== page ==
If you think this review is too long to read, just skip
straight to the scores and then read the summary for a
Yes, the summary now lives up to its name.
EX: Team Rocket Returns
1 (Evolves from Sentret)
(C) Quick Change
to 3 cards in your hand and put them on top of your deck.
Then, search your deck for that many cards and put them into
hand. Shuffle your deck afterward.
(CC) Quick Tail Smash 
doing damage, you may flip a coin. If heads, this
attack does 80 damage instead. If tails, this attack
EX: Team Rocket Returns
(C) Friend Search
the top 5 cards of your deck. Choose a Basic Pokémon or
Evolution card you find there, show it to your opponent, and
put it into your hand. Put the 4 other cards back on top of
your deck. Shuffle your deck afterward.
(C) Surprise Attack 
coin. If tails, this attack does nothing.
Furret is a Stage 1 Colorless Pokémon. This is the only
Furret legal for Modified, and the old ones aren’t good
enough for Unlimited. Being a Stage 1 means that this card
will require certain “price breaks” when it comes to its
other stats and abilities. The reason for this is that it
requires more effort to get a Stage 1 into play than a Stage
2. Since this Pokémon is the final Evolution Stage for its
line, it should receive a bit more of a boost than an
intermediary Stage 1, like Seadra or Charmeleon.
It has a solid basic in this set: Sentret can’t do much
damage, but it has a nifty searching attack. With these
things in mind, let’s look at the other attributes.
Colorless. Now that they appear to be treating “Colorless”
as its own type, instead of a lack of type, this has become
an advantage for the Modified Format: there is almost no
Resistance, but some Weakness. In Unlimited, Unown N
and Sprout Tower can reduce the damage Colorless
Pokémon do, but are rarely seen, and neither Colorless
Weakness nor Resistance are seen. All in all, being
Colorless is a little bit of an advantage in Modified and a
slight disadvantage in Unlimited.
HP is 80. Where this merely an intermediate Stage 1, it
would be solid, if not a little good. This is the final
form of this Pokémon, however, it is at best average, and is
possibly on the unhappy side of the HP curve. This ties
into the Weakness: Fighting. So any Fighting Pokémon that
can hit for 40 can OHKO you. Compare this to if its HP had
been 90: 50 damage flat usually only comes from a main
attack. We have no Resistance, which is automatically the
worst. So as you can see, Furret comes across as a
Furret’s final attribute, its Retreat Cost. It just
needs to discard a dingle Energy to retreat. Looking
forward to the cost of its attacks, this is definitely
nice. It needs at most two Energy to attack, and has
something for one, so a single Energy is extremely easy to
pay. So to summarize the attributes, the Stage is neutral
The first attack is solid: Quick Change is up to a triple
Computer Search in a sense. Still, this is an attack on a
Stage 1, and this is what makes it unreliable-a fringe
benefit of running Furret. Quick Tail Smash is a
good attack, though I wouldn’t build a deck around it. You
put enough Energy into it for 20 damage and you get either a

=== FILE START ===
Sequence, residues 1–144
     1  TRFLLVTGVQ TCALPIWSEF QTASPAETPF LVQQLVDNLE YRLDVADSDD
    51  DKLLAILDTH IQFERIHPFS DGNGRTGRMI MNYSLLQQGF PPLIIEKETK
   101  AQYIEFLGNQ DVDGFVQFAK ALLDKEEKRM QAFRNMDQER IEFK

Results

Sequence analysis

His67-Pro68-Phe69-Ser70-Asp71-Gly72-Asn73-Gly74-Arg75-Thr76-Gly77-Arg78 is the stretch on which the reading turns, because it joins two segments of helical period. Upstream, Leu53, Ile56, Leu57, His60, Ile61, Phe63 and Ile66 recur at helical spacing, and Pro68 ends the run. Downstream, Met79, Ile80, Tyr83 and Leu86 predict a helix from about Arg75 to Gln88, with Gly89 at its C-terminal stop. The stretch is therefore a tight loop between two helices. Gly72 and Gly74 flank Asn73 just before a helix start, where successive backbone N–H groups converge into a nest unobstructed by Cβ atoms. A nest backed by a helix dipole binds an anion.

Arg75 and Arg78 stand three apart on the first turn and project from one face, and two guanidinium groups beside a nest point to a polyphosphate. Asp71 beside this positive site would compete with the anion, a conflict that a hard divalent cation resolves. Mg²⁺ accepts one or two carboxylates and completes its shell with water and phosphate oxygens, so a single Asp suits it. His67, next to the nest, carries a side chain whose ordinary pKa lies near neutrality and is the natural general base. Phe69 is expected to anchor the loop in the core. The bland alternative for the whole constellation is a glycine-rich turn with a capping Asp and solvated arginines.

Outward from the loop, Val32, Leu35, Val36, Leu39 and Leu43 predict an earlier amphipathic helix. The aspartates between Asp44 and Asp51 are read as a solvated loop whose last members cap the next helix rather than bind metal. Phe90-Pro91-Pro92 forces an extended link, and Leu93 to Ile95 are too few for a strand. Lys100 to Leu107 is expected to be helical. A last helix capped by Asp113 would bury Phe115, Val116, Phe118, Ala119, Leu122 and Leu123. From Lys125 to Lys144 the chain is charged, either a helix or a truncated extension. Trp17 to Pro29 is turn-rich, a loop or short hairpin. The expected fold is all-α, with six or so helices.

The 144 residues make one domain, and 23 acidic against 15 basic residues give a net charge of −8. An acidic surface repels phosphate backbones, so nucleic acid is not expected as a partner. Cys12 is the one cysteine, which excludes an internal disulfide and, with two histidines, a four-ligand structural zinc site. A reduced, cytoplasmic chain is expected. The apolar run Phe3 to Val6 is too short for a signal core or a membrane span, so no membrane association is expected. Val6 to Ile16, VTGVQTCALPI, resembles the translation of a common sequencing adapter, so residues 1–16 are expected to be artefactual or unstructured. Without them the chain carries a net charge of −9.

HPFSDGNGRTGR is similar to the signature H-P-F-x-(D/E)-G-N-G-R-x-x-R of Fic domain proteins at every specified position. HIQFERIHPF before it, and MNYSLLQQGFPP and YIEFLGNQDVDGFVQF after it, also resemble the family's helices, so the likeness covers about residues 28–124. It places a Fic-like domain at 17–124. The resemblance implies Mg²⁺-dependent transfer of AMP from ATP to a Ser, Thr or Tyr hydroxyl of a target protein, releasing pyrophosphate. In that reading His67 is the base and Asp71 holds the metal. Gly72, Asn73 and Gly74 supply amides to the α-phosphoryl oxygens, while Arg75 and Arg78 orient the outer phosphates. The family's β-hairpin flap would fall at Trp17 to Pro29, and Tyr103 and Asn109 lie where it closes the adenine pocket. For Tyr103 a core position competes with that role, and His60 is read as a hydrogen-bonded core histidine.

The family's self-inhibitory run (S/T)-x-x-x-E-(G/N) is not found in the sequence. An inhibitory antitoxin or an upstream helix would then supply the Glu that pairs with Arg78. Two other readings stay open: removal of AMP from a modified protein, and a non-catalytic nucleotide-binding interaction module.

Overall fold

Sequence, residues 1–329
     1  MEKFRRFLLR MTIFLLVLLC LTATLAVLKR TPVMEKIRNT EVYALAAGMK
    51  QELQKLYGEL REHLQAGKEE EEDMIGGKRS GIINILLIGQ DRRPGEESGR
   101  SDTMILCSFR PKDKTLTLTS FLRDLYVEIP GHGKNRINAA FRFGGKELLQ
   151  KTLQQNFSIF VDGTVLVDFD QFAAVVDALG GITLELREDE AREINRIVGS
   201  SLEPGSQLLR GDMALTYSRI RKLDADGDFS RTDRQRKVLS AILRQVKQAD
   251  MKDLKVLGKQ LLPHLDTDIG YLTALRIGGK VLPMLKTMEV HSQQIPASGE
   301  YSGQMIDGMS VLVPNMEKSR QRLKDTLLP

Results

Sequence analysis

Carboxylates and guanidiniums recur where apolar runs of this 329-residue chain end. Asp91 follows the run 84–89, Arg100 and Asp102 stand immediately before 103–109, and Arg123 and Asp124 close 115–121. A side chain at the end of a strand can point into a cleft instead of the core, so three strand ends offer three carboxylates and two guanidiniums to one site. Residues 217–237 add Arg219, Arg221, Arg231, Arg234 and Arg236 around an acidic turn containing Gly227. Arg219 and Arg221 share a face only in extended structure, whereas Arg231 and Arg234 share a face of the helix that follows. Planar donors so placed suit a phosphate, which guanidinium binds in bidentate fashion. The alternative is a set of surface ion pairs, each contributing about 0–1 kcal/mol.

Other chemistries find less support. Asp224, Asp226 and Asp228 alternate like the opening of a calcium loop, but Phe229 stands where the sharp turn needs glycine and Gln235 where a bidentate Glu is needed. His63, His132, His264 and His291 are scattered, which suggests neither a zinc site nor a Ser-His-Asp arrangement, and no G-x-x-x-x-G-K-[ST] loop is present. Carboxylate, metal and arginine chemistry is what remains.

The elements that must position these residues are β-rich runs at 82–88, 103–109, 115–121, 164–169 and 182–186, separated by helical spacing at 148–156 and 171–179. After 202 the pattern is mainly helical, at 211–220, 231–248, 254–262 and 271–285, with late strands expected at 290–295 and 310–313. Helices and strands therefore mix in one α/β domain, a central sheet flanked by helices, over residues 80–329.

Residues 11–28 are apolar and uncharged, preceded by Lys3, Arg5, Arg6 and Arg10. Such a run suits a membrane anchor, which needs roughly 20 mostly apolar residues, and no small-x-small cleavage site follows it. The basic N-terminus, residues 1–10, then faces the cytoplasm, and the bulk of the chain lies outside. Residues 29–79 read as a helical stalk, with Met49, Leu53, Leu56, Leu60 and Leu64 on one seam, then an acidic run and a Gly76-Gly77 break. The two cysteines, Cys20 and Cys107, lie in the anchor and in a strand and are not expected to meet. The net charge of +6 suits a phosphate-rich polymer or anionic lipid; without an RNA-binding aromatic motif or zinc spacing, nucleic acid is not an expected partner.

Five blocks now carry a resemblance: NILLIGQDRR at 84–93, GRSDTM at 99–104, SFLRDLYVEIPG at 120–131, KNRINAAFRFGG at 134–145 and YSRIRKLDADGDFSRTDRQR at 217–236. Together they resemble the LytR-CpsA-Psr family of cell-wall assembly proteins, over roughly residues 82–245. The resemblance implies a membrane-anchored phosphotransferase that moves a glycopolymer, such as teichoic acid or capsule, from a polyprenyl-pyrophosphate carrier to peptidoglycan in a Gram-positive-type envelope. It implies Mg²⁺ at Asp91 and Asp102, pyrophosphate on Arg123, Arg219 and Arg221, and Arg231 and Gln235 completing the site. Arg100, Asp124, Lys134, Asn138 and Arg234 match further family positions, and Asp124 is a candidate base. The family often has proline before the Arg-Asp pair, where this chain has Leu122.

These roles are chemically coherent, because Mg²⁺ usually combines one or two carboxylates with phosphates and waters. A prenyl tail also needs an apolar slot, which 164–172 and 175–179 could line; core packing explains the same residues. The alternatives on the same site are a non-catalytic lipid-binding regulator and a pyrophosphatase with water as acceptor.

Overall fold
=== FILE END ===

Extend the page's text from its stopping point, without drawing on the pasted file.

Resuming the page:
reliable 30. You can also risk it on a coin flip. So, just
using the Energy, that would still only give you (20 times
2) 40 damage. Using the attacks real base damage, it would
be (30 times 2) 60 damage. Instead, you get 80 damage. So
like I said, it’s a good attack. However, we must remember
that this is a Stage 1, which makes it still a good attack,
but then factor in that this is the only offensive attack on
the card, which means its respectable attack. Sadly, these
attacks lack a lot of synergy, other than both being
This is a “supporting Pokémon”. It shouldn’t be the focus
of your deck, but should help you set up. You’ll still need
draw power when relying on Quick Change: even if you wait
and Evolve normally, your hand only is six cards if you just
attach a single Energy. It’s enough to set up simple
things, but anything complicated (read, more than just a
bunch of Energy or an Evolution). The attack makes it okay
for opening/closing, but that should be thought of as a perk
and not the card’s true calling.
1.75/5-It wants to be good, and if it were a Baby, it’d
probably replace Cleffa (quality over quantity). As a Stage
1, it’s too much effort for the return. And of course,
Tyrogue smacks it hard.
3.25/5-I can see certain decks running this to help set-up.
Nothing specific, just those that need key cards at the
right time. Most will just stick with Dunsparce and
4.5/5-It’s a prime pull here. Sentret is a great
common for this format, so you have a decent shot of being
able to run this even though it’s a “Rare” Evolution. Quick
Search is great for setting up whatever other goodies you
pulled, while Quick Tail Smash can either whittle away at
their Pokémon or go for annoying OHKO’s (I know this from
having it used against me).
Furret is meant to support another Pokémon line. It’s
got enough HP to survive one or two hits from other early
game Pokémon (unless they are Fighting), and has two
inexpensive attacks useful for this time period. Quick
Search can set up your main line with ease, while Quick Tail
Strike can go for an early lead in prizes.